Holiday help part 1: Dealing with grief
Since the holiday season tends to be when we see friends and family more often, it can be bittersweet to acknowledge who’s not there for the celebration, warmth, and togetherness. Grief comes in stages — and sometimes when we least expect it. The intensity of these emotions can feel debilitating, especially if we feel pressure to put on a happy face because it’s “the most wonderful time of the year.”
Trying to push these emotions down tends to backfire and may turn into what’s called incomplete or unresolved grief. That’s when the grieving process has stalled, and you feel like you can’t move forward. This can manifest in several ways, including anger, obsessing over past events, hypersensitivity or overreaction, and addictive or self-harming behavior.
With that in mind, taking a gentle approach toward yourself is key, including acknowledging the impact of the situation. Consider some coping tactics like these to help you move through those complicated emotions.
Recognize your loss
Although it may be tempting to avoid thinking about grief at all, resolution is often prompted by a meaningful action, according to the Hospice Foundation of America.
That doesn’t have to be a large gesture; you might choose to light a candle in honor of the person who’s gone or place a memento in your home close to other decor — an ornament on a tree, for example — as a way to recognize the impact that person had on your life. Even just a holiday toast that includes them can feel meaningful.
Choose your activities consciously
During the holidays, it can be easy to feel obligated to participate in every planned gathering and event, but grief may limit your energy. When you get an invitation, take a moment to consider how that will fit in with your other plans and whether you feel up to going.
It’s also okay to play it by ear and let people know you’re a “maybe,” so you can see how you feel the day of the event. Communicate your reason if you feel comfortable doing so, and you might find that it creates a connection with others about grief and loss.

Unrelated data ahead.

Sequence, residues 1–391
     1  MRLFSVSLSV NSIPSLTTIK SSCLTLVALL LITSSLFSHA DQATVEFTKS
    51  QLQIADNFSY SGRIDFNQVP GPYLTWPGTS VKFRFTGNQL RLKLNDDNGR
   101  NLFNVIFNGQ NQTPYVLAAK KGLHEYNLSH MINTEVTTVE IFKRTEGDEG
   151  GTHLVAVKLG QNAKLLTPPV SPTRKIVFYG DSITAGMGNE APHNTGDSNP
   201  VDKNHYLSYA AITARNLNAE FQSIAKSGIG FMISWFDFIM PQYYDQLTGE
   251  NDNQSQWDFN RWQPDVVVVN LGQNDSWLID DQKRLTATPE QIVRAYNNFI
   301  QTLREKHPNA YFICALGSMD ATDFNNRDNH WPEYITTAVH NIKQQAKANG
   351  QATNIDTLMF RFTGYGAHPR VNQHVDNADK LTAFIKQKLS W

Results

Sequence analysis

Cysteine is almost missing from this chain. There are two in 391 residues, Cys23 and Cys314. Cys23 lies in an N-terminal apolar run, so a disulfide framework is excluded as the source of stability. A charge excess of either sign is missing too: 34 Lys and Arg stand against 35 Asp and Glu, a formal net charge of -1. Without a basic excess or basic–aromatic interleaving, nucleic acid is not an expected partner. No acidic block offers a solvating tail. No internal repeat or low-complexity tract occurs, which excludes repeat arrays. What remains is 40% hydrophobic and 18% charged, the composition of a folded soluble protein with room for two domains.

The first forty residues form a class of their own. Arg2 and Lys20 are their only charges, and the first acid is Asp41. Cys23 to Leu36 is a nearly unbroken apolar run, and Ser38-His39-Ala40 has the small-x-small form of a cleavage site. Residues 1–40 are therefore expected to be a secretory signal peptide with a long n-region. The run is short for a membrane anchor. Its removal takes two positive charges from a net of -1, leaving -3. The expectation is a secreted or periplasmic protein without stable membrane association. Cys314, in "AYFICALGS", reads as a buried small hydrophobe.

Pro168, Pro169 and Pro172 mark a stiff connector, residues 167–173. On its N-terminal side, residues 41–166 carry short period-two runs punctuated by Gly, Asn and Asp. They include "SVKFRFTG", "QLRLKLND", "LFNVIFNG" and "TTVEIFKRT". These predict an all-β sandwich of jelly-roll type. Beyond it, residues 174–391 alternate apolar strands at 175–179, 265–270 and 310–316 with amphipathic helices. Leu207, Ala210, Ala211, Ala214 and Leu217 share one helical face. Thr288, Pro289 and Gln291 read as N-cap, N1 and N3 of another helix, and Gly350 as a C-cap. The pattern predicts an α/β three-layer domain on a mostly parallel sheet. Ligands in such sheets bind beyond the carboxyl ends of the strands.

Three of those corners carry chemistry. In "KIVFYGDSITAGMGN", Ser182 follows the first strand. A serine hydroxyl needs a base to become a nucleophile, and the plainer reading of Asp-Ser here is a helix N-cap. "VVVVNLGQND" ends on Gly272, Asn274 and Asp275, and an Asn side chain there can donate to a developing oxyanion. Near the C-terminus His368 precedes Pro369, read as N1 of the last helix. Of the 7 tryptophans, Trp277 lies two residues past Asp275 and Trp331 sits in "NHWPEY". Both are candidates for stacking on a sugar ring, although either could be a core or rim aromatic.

Get more movement
Grief is a whole-body experience, so you experience physical effects. For instance, you may have digestive issues, tight muscles, headaches, and a lowered immune response. If you have an autoimmune condition, grief may cause a flare-up of symptoms. Research notes that these are all normal reactions to psychological distress created by grief. Those researchers point out that the death of a loved one has been recognized as the greatest life stressor that humans face — and stress can have major effects on the body.
Because of that, finding ways to ease the physical impact is important, and gentle movement can play a major role. Activity such as yoga, walking, running, dancing, martial arts, and anything else that gets you moving regularly has been shown in research to provide a sense of freedom and more ease with expressing emotions while also enhancing social support — a vital part of grief work. A study on physical activity in young people who’ve lost a parent found that movement can build resilience and create a stronger sense of self.
Be on your own timetable
Most of all, take time to identify and understand how feelings of grief may arise for you. For some people, grief can be a surprise — for example, perhaps you find yourself with fresh grief over a parent who has been gone for decades, or you’re revisiting the details of a breakup that you thought had been resolved.
Because of the warmth and cheer of the holiday season, this may feel like a sour note, but it helps to remember it’s a very common feeling. In fact, one study found that 36% of people surveyed didn’t want to celebrate the holidays at all due to grief and loss. That means you’re certainly not alone if it’s an issue. Try some of the strategies above, and reach out to a trusted friend, family member, therapist, or healthcare provider if you need help talking through these complex emotions.
If you’re a Mass General Brigham Health Plan member, log in to your member portal to check your access to Lyra Health, which offers mental health support, including grief and loss resources.
Learn more about behavioral health offerings at Mass General Brigham Health Plan.